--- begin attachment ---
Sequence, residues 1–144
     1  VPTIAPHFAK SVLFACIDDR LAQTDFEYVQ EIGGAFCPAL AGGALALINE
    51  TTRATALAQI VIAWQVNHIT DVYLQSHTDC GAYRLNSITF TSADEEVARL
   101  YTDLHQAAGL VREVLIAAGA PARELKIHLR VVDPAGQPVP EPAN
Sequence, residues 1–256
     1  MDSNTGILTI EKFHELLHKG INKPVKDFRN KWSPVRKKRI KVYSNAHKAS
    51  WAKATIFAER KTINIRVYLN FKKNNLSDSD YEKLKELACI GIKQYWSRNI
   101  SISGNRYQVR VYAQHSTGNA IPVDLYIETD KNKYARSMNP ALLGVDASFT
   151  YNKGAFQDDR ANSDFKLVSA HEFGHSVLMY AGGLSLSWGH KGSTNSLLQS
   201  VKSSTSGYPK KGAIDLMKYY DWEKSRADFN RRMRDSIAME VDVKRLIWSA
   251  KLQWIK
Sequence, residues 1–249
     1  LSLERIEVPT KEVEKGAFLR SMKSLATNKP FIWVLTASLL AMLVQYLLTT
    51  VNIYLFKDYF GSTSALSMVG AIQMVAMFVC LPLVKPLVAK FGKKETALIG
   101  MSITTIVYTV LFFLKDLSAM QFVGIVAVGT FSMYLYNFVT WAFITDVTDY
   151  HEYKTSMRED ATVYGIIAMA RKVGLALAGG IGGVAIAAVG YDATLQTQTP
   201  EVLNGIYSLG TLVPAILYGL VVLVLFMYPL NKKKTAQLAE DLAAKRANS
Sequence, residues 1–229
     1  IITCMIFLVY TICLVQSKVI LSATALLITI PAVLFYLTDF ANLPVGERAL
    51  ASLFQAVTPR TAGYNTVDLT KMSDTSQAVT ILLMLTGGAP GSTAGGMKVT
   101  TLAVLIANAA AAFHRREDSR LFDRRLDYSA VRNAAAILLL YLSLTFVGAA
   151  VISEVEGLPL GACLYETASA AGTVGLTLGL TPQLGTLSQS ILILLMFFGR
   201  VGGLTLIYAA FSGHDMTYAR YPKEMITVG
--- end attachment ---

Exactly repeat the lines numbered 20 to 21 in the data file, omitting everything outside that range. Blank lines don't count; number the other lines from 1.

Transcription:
    51  ASLFQAVTPR TAGYNTVDLT KMSDTSQAVT ILLMLTGGAP GSTAGGMKVT
   101  TLAVLIANAA AAFHRREDSR LFDRRLDYSA VRNAAAILLL YLSLTFVGAA